We discuss the importance of measuring PR and comms, demonstrating the impact it has on your business and overarching objectives. We will walk you through AMEC’s integrated evaluation framework and how to apply it, including how vital it is to straighten out your inputs, activities, outputs, outtakes, outcomes, and impacts in order to purposefully measure PR and comms.
Jenny: Hello and welcome. Today I’m joined by Sophie and we’re going to be talking about measurement. How to measure the impact of your marketing and make sure it’s delivering what you need it to for your business. Sophie is the perfect person for us to have on for this episode. She recently graduated with distinction in AMEC’s International Certificate in Measurement & Evaluation. It’s her bag. She definitely knows what she’s talking about on this subject. So, she’s the perfect person to speak to us today. So, Sophie, perhaps we’ll start with a common pitfall is that often businesses feel that measuring the impact of their marketing comes at the end of a campaign or a project that’s when they tend to start thinking about it. But it’s important that they start thinking about measurement from the very beginning. Isn’t it?
Sophie: Yeah, absolutely. Measurement can only really be done effectively if you start it at the very beginning of a campaign or your marketing communications activity, because you need to know exactly what it is that you’re going to measure in order to know what success looks like.
You do have to think about the end at the beginning. It feels a bit backwards, doesn’t it? But it’s absolutely the right way. One of the things we are going to have a look at today is AMEC’s Barcelona Principles.
Yeah. So let me just start by saying what a AMEC is. It is the international association for measurement and evaluation of communication. It is the international body that regulates or says what best practice is when it comes to measuring and evaluating communications, because it is difficult to measure communications.
I think we will all know and be aware that it’s very difficult to really properly measure the impact of your PR. That’s something that you will hear people say a lot, and it’s often a reason why people don’t want to do communications activity because they say that they can’t measure it. So AMEC’s purpose is to try and put a stop to that and to put some things in place that everybody working in communications can adhere to, so that there is some standard when it comes to measurement of communications.
Another thing which they brought out was the Barcelona Principles. There’s been three iterations of the Barcelona Principles and the most recent was just in July in 2020. So I’m not going to go into detail about what the Principles are because there’s seven of them and they’re quite detailed in themselves, but we’ll put resources on our website so listeners can go and check it out in more detail. But I think the key thing to know about the Barcelona Principles is that these are seven agreements the communications industry has, as a whole, agreed to stand by. And one of the most
AVE is advertising value equivalent. You may have heard of it. You may not. It’s quite an old-fashioned way of measuring the value of communication. And you just value the piece of coverage based on how much you would have paid for that piece of coverage. One of the founding principles of AMEC is that you should not use AVEs. So because of that, AVEs are getting less and less used within the industry. And that is one of the key parts of the Barcelona Principles.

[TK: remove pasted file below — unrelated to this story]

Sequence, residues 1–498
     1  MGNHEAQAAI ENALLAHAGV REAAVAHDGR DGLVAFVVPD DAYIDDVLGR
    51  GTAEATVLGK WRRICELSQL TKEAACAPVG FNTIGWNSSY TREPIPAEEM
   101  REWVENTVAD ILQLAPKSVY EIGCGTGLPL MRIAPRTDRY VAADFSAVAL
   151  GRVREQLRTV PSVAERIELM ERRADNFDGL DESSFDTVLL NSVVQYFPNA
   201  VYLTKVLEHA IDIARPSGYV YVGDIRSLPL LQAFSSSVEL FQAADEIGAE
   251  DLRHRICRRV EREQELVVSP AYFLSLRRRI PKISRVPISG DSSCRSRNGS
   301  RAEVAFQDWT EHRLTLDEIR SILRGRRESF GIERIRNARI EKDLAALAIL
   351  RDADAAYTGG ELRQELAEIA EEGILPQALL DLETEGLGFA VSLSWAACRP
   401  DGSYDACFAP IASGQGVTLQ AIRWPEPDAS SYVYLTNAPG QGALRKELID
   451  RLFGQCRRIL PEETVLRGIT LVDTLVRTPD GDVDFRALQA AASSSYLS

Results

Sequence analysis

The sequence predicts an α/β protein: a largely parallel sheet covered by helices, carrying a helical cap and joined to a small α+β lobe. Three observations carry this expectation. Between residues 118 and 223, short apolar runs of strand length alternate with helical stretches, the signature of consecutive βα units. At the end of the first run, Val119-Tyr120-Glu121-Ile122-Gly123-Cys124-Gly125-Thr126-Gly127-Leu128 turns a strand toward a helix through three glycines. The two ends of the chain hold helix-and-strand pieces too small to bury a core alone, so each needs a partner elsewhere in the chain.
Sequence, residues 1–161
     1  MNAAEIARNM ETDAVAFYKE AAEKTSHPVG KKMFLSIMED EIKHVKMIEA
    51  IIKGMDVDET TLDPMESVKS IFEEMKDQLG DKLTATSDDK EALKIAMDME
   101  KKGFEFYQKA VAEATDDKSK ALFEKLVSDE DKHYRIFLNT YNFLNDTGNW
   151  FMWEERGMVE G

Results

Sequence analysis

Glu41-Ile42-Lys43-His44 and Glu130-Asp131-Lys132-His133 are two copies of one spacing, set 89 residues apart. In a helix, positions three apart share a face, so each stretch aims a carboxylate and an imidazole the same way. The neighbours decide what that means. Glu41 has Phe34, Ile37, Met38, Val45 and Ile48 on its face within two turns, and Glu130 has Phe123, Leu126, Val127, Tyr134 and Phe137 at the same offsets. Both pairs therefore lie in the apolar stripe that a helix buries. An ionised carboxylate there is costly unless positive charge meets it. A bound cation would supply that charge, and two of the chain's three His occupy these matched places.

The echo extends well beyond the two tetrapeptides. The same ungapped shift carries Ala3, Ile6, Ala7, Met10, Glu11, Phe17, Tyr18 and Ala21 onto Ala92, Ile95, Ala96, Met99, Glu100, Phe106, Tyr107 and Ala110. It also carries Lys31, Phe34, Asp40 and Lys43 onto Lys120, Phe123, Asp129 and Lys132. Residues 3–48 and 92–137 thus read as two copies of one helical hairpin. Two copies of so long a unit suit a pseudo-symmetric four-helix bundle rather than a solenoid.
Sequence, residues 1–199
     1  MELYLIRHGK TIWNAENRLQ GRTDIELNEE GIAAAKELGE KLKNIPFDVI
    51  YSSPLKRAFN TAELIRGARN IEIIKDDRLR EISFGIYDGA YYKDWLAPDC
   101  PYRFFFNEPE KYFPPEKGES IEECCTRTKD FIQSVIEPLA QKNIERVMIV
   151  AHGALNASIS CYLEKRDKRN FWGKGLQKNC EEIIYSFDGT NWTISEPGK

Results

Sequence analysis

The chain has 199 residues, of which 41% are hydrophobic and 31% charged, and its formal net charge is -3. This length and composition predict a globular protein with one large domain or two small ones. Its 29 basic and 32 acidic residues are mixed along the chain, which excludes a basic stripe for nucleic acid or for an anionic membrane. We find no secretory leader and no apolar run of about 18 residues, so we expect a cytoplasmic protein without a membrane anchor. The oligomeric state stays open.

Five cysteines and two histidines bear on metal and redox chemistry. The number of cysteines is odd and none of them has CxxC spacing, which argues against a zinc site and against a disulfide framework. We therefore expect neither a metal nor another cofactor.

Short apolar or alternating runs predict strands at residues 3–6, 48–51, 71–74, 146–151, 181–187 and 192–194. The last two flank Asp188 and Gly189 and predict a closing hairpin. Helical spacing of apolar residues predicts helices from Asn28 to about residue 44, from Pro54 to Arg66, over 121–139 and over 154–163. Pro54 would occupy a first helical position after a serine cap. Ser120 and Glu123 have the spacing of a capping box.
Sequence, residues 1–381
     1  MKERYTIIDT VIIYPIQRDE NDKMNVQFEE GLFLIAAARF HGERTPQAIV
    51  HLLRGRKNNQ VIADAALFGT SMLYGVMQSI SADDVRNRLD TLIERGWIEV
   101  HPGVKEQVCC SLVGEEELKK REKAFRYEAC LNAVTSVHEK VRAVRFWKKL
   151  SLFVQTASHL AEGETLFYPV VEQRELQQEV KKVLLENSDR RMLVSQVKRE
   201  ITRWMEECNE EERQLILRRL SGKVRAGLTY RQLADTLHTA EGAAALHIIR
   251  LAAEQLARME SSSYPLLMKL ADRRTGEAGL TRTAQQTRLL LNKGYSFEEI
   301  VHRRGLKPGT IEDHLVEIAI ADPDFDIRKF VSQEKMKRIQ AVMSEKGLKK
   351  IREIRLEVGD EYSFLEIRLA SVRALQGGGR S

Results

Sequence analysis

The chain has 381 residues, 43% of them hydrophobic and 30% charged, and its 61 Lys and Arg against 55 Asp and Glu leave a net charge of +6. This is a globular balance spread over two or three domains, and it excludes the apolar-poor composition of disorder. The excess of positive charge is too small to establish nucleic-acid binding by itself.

Yeah. Which is good. Isn’t it? As you say, it’s not comparing like for and it’s not an effective way as it’s an old-fashioned way to measure. And I think sometimes it’s a way businesses and brands can feel quite comfortable about. Measuring because it’s because you’ve got that monetary value, haven’t you? So you can put numbers to things and say how much you’ve spent on PR and compare it to how much you’ve got with the AVE.
And it’s not. It’s just, as you said, it’s not overly effective. So it is something that we would absolutely advocate moving away from two which is what we’ll talk about today. When we say exactly lots of better ways that we can measure, and they’re not difficult and they’re not complicated. And w we’ll go through today some easy ways that your small business will be able to measure the value of your communication.
So one of the elements from AMEC is their evaluation framework, which you can follow in order to measure your campaign effectively. Exactly. And it’s really nice, easy to use tool and we’re going use it today as the framework for our discussion. Anybody can access the tool using on the AMAC website and it’s for free.
Essentially breaks down the steps into objectives, inputs, activities, outputs, outtakes, outcomes and impact. I think often when you hear those words for businesses, it can sound like some of those are quite similar, but actually they all address very different areas that you need to look at. The first step would of course be objectives and starting with some very clear objectives.
Exactly. Yeah. So, objectives must be your starting point. When you’re thinking about measuring your communications, it sounds obvious as you say, but actually it’s really hard to do, and it does require some quite deep thought and also some conversations with people within your organization.
If you work for a larger business, often the marketing element might not necessarily be in tune with what the wider business objectives, so they do need to be linked. Some other common problems we see with objective setting are objectives that describe a process. For example, we will work with an ambassador to secure 10 national media placements, for example, or we will issue 15 news releases.